* G20 draft communique omits G7 language on domestic policies
* BoJ nominees awaited, less radical Muto seen front runner
* Euro seen remaining under pressure
* Dollar gains vs yen accelerate after U.S. data
By Julie Haviv
NEW YORK, Feb 15 (Reuters) - The yen fell against the euro and dollar on Friday on expectations that the Group of 20 at its meeting this weekend will avoid targeting Japan over policies that have weakened the yen.
The currency market was thrown into turmoil this week after the Group of 7 issued a joint statement stating that domestic economic policies must not be used to target currencies.
But the yen on Friday tumbled on a draft communique prepared for Group of 20 finance leaders, which omits part of the G7 statement declaring fiscal and monetary policy may only be used for domestic economic aims, a G20 delegate said on Friday.
The G20 finance leaders are meeting in Moscow beginning later on Friday.
“The yen has reversed early gains and is now the weakest major currency on reports the language of the G20 statement may differ from that of the G7 countries,” said Nick Bennenbroek, head of currency strategy at Wells Fargo in New York.
“The G20 is expected to urge members to avoid competitive devaluation, but not echo the G7 view that exchange rates should not be a target of policy,” he said.
Federal Reserve Chairman Ben Bernanke on Friday said the United States is acting in line with the position of the G7 by using domestic policy tools to boost growth and reduce unemployment,.
The euro last traded up 0.8 percent against the yen at 125.08 yen, after earlier falling to 122.87 yen, its lowest level since Jan. 30. It hit a 34-month high of around 127.71 last week.
The yen rallied earlier this week on expectations officials would express disapproval of Japan’s policy.
The yen gained in the overnight session after Reuters reported that sources said former top financial bureaucrat Toshiro Muto was the front runner to become the next BoJ governor.
Muto is seen as likely to pursue slightly less radical stimulus measures than some of the other contenders. A decision could come in the next few days, the sources said.
“Although this week has been marked by volatility surrounding G7 and G20, it appears the path to currency weakness will remain intact following those events,” Bennenbroek said.
“Our bias remains towards further softness in the yen, while the outlook for the euro has also turned more negative on the back of this week’s soft economic data,” he said.
The euro also remained under pressure against the dollar a day after the release of data showing the euro zone sinking more deeply into recession than forecast. The grim picture is likely to keep alive expectations of a interest rate cut by the European Central Bank.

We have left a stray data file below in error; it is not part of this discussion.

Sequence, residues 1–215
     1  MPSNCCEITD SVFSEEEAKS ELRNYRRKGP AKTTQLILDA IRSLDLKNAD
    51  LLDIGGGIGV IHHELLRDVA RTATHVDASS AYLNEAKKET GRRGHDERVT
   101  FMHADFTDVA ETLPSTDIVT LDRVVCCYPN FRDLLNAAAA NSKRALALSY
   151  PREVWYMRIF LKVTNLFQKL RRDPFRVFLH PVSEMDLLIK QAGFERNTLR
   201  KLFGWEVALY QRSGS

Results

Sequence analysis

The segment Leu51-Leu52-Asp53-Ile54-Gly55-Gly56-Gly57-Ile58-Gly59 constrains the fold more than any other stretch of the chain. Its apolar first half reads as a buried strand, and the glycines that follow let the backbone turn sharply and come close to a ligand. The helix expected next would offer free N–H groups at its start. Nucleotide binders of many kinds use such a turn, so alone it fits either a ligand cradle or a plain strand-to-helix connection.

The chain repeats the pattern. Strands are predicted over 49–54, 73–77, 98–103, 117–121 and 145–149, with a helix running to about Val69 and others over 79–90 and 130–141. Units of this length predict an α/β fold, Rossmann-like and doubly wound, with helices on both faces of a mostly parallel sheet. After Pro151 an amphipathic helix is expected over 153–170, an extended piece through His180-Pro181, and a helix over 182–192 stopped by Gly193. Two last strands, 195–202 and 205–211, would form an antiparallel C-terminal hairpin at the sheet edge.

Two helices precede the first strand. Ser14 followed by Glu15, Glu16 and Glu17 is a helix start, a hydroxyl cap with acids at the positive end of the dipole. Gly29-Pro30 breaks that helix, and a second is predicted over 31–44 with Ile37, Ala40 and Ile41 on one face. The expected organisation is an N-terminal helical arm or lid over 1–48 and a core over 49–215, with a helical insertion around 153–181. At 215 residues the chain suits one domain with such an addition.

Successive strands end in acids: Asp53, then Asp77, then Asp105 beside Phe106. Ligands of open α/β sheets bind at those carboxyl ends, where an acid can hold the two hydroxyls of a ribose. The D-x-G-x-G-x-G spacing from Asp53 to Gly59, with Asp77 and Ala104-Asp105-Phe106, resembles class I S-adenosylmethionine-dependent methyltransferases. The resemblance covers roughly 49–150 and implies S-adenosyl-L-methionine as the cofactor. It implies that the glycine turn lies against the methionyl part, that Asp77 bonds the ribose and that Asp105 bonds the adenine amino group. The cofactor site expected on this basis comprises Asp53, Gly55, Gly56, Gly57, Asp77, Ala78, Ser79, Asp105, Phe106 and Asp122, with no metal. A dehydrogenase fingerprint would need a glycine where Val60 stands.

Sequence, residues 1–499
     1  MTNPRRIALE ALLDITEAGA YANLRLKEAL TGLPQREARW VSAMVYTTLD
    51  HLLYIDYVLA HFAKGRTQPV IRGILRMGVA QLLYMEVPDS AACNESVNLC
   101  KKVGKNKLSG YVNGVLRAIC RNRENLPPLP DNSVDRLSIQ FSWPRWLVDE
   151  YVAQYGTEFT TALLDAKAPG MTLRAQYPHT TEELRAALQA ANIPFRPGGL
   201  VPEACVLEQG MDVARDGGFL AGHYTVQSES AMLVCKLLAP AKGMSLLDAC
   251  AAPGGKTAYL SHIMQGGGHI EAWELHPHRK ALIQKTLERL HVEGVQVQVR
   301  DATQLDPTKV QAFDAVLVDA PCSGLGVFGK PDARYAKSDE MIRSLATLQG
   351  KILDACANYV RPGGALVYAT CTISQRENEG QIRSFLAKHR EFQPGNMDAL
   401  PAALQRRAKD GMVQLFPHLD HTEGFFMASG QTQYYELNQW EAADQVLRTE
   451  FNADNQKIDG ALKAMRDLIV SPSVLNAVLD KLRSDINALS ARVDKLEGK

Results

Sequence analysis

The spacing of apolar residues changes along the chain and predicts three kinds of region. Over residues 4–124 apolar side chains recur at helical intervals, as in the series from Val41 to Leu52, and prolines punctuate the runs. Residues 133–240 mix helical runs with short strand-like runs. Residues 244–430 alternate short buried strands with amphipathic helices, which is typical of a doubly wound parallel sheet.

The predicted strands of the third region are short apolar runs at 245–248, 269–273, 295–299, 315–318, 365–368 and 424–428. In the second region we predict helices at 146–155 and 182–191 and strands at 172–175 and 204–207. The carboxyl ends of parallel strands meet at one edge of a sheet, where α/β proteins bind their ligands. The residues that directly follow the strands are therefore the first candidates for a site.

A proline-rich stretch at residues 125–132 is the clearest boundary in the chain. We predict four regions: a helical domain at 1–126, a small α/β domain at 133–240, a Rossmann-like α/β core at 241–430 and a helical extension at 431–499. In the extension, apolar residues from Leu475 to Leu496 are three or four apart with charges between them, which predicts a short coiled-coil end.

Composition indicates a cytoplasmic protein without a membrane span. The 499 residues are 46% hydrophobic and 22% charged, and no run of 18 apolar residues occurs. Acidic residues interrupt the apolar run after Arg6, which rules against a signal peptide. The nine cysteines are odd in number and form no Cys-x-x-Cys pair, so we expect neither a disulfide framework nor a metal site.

Euro zone money market rates are also likely to ease in coming weeks, keeping the euro well off the recent highs above $1.37 struck on Feb 1.
The euro last traded flat at $1.3358.
Michael Woolfolk, senior currency strategist at BNY Mellon, said investors should not expect the “currency war” debate to dissipate after this weekend’s G20 meeting.
“You’ve got the G7 on one side and the BRICS on the other,” he said, referring to the big emerging economies of Brazil, Russia, India and China. “They have opposing views on zero interest rates.”
ECB chief Mario Draghi criticized on Friday recent “chatter” on currencies and said the euro’s exchange rate was in line with long-term averages. Like ECB policymaker Jens Weidmann, who spoke earlier, Draghi resisted pressure from some euro zone politicians to target the euro’s exchange rate on the grounds it is overvalued.
The dollar extended gains against the Japanese yen and pared gains versus the euro after a slew of U.S. data.
U.S. manufacturing got off to a weak start this year as motor vehicle production tumbled, but a rebound in factory activity in New York state this month suggested the decline would be temporary.
Consumers were a bit more upbeat early this month even as they paid more for gasoline and their paychecks were reduced by higher taxes, other data on Friday showed.
The dollar last traded at 93.64 yen, up 0.9 percent, after earlier hitting a one-week low of 92.21 yen. It had set a 33-month high of 94.465 on Monday and solid chart support was expected at 92.00 yen.
Speculation over what, if anything, G20 officials might say about Japan has been swirling all week.
“The long-term weakening trend for the yen remains intact,” said Howard Jones, adviser at money managers RMG Wealth Management. “We are comfortable with our view the dollar will rise to 100 yen in the coming months. It is an easy trade to make money.”